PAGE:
WWI

WWI Soldier's Victoria Cross Sells For £248,000 At Auction

Private James Towers was awarded the medal by King George V in the Quadrangle at Buckingham Palace in May 1919.

A Victoria Cross awarded to a First World War soldier who selflessly risked his life to deliver a vital message to a stranded platoon has fetched £248,000 at auction.

The then 21-year-old Private James Towers of 2nd Battalion, The Cameronians (Scottish Rifles), volunteered to deliver the message under continuous heavy fire despite knowing five of his comrades had already been killed attempting it.

The medal, sold by auctioneers Dix Noonan Webb, was expected to fetch between £140,000-£180,000.

Setting out under heavy machine-gun fire with little cover, Pte Towers was forced to navigate shell craters and crawled through barbed wire entanglements, before coming across the body of the first volunteer runner.

He continued on only to become pinned down beneath a guarded embankment which he navigated with a running leap –  landing within five yards of a fully manned enemy machine-gun post.

Avoiding its fire, he carried on, reaching the trapped platoon intact and delivering the vital despatch and then guiding the unit back to safety after dusk.

Pte Towers was awarded the Victoria Cross by King George V in the Quadrangle at Buckingham Palace on 8 May 1919 and he returned to the palace to attend the Victoria Cross Garden Party in June the following year.

Private Towers during the First World War (Picture: Dix Noonan Webb).

Pte Towers was one of 74 Victoria Cross holders who formed a special Guard of Honour for the burial of the Unknown Warrior at Westminster Abbey on 11 November 1920.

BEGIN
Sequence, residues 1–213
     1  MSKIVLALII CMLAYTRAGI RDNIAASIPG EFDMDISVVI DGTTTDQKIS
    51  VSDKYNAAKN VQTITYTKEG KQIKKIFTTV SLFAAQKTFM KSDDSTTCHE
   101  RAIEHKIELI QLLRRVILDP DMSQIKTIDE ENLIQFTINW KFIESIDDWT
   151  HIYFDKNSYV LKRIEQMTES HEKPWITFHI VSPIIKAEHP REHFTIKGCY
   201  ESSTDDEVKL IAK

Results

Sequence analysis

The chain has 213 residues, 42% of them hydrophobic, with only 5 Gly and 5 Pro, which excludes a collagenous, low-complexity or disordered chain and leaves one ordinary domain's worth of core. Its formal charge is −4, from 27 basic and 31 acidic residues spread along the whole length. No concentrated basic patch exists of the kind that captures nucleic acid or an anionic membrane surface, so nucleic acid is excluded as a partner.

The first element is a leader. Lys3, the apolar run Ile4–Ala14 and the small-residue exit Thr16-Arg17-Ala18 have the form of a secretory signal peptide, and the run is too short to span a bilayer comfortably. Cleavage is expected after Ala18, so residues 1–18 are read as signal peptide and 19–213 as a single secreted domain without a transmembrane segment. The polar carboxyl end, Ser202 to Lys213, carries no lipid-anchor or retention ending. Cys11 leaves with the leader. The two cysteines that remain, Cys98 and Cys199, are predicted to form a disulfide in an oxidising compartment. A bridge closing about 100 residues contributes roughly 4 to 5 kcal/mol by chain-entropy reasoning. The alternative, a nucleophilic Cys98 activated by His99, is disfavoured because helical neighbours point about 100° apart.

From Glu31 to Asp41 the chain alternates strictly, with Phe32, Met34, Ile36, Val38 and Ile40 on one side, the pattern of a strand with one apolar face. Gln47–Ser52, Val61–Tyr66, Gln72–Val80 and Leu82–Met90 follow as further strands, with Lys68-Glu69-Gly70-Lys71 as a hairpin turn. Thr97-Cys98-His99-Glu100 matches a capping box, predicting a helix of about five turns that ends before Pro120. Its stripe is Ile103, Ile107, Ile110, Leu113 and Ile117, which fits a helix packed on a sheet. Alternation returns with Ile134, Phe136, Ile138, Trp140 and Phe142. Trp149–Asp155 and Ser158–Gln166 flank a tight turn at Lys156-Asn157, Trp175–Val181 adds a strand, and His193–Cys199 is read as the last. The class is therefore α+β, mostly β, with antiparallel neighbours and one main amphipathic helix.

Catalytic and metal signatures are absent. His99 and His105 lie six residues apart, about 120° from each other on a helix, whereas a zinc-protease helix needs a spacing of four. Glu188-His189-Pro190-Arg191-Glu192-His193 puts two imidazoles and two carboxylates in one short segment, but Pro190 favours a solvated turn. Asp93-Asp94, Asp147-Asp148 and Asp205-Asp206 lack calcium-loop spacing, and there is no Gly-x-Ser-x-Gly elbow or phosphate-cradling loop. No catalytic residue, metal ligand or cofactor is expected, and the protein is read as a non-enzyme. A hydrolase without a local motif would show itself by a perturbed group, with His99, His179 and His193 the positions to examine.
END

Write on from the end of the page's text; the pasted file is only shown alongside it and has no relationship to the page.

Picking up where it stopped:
Reflecting on his experiences in the Lancashire Daily Post in 1929, he said: "I joined up as a youngster for a bit of fun, but it didn't turn out like that. We were young men made old before our time.

"I felt then that I had to go to the help of these lads. After all, they were my pals. Five men tried to get through and I was the sixth.

"I made a dive and got through. The worst part was that I didn't know just where our chaps were," he continued.

"I had to find them, and in a run for about 150 yards I went within five yards of one of Jerry's machine-guns. It was my lucky day."

Following the sale, Dix Noonan Webb associate director Christopher Mellor-Hill said the medal had gone to a "good home".

"This is an outstanding Victoria Cross in that he knowingly knew he was following in the path of five colleagues all killed preceding him in trying to get a message through enemy lines to a stranded platoon.

"It is rewarding to see his Victoria Cross make the very respectable sum of £248,000 as a just accolade of his exceptional gallantry. 

"It has gone to a good home with a private collector of gallantry awards," he added.

Cover image: Private Towers' Victoria Cross (Picture: Dix Noonan Webb).